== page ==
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DRESDEN — Thousands of kilometers away from their war-torn home, and yet they still don't feel safe. Three gay Syrians who say they've been harassed by Muslim refugees in Dresden decided to tell their story to German news agency DPA.

Ahmad Suliman says that if he had come out openly about his sexual orientation in his native Syria, he would have been beheaded. Homosexuals are publicly executed in Syria and in Iraq. It was that reason, as much as the civil war tearing apart the country, that ultimately led the 20-year-old Muslim to flee his homeland.

But when he arrived in Dresden, Germany, he was greeted by the unhappy reality that the city is home to the rising xenophobic group Patriotic Europeans Against the Islamization of the Occident (Pegida).

Still, the direct attacks against Suliman and his friends did not come from Pegida, but from other refugees. Suliman, Rami Ktifan and Yousif Al-Doori told DPA that they have been abused and tormented for being gay by other refugees from the Middle East. "At first we tried to hide it, but at some point we simply wanted to live free, in Europe," says Al-Doori.

Ronald Zenker, head of the CSD (Christopher Street Day, an association in Dresden that organizes an annual gay rights event) rescued the three men from the tent city, and has since arranged to accommodate them privately.

Since 2013, the persecution of homosexuals because of their sexual orientation is a valid reason for asylum in the European Union. But there is no statistical recording of the different reasons of asylum seekers in Germany.

Homosexuality is a taboo in Arabic families. Al-Doori had hoped he could live a different life in Germany: "In my home country I constantly had to pretend. I led a double life."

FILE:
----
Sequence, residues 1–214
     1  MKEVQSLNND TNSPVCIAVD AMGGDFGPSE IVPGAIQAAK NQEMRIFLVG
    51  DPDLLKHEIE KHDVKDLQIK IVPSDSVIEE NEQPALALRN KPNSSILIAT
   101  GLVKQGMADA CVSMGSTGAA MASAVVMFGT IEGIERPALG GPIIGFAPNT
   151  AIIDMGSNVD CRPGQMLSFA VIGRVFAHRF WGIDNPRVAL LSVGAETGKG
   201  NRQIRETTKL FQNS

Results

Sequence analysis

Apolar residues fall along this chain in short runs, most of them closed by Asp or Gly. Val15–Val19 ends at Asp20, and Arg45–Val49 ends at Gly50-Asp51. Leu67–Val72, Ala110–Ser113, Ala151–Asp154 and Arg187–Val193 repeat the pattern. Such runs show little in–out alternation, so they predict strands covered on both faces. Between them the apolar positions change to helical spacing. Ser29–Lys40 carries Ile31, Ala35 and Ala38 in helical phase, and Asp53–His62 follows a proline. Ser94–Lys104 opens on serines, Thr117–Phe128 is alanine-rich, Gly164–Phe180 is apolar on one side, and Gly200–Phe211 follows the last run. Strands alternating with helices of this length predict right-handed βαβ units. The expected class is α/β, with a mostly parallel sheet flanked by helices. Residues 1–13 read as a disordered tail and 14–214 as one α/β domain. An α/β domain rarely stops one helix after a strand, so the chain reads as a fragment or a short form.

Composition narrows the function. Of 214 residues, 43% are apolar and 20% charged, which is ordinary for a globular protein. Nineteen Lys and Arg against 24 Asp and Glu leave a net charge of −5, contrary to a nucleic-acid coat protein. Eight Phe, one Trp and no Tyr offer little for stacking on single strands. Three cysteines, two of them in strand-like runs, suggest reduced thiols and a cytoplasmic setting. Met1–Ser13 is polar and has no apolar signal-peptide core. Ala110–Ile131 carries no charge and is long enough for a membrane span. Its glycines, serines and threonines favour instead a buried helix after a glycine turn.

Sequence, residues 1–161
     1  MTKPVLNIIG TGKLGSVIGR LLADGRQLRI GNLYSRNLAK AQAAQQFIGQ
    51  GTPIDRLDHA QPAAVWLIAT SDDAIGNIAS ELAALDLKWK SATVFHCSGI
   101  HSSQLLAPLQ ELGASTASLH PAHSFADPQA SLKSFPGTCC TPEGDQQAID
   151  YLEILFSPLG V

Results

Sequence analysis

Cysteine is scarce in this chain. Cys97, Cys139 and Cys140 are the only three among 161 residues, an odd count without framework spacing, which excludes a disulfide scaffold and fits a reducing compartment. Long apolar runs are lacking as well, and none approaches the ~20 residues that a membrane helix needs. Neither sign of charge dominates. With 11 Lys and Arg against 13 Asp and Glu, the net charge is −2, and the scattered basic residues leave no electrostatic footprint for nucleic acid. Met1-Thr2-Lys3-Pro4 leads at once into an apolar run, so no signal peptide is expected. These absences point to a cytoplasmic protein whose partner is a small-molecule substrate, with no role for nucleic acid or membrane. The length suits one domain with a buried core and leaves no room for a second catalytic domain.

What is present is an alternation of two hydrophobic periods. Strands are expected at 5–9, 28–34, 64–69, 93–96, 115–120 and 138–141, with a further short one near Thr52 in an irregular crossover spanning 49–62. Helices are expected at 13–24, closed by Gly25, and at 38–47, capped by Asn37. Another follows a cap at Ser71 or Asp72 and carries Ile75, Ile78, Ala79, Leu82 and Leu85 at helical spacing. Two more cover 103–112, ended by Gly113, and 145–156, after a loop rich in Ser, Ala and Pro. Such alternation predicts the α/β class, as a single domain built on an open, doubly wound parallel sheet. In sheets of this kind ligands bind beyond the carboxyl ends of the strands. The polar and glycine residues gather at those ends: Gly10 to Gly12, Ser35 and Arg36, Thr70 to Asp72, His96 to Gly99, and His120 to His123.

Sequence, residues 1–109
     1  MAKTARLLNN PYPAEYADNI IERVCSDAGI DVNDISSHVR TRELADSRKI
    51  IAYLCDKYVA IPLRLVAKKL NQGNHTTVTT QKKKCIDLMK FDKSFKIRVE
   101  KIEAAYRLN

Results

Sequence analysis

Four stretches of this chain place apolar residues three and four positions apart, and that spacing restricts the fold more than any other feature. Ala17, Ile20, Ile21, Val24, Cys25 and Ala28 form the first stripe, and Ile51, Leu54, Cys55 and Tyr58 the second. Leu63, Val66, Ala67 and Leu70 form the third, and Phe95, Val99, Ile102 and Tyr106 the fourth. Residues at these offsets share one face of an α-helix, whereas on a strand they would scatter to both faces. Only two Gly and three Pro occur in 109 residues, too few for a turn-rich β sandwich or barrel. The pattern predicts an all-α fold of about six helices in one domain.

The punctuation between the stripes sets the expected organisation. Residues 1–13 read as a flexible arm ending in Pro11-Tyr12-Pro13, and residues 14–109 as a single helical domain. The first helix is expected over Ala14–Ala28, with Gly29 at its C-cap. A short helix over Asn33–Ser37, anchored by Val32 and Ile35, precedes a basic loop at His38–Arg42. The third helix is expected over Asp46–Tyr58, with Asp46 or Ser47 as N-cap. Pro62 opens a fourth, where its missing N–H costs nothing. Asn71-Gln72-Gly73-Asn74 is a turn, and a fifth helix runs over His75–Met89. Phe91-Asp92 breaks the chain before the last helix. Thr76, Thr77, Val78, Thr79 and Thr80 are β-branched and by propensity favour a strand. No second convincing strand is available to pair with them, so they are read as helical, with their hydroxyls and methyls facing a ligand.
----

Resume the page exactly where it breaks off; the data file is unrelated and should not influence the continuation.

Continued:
But the hostility and abuse followed him all the way to Germany. For now, it is other refugees who give them trouble, and the Pegida movement is instead one big paradox. "People who sympathize with Pegida are also willing to help gay refugees," says Zenker, "They have their own way of differentiating good versus bad refugees. Gay refugees are part of the "good ones' because they are being persecuted by other Muslims."

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Society

Colombia Celebrates Its Beloved Drug For The Ages, Coffee

This essential morning drink for millions worldwide was once considered an addictive menace, earning itself a ban on pain of death in the Islamic world.

Colombia's star product: coffee beans.

Julián López de Mesa Samudio

-Essay-

BOGOTÁ — October 1st is International Coffee Day. Recently it seems as if every day of the calendar year commemorates something — but for Colombia, coffee is indeed special.

For almost a century now we have largely tied our national destiny, culture and image abroad to this drink. Indeed it isn't just Colombia's star product, it became through the course of the 20th century the world's favorite beverage — and the most commonly used drug to boost work output.

Precisely for its stimulating qualities — and for being a mild drug — coffee was not always celebrated, and its history is peppered with the kinds of bans, restrictions and penalties imposed on the 'evil' drugs of today.

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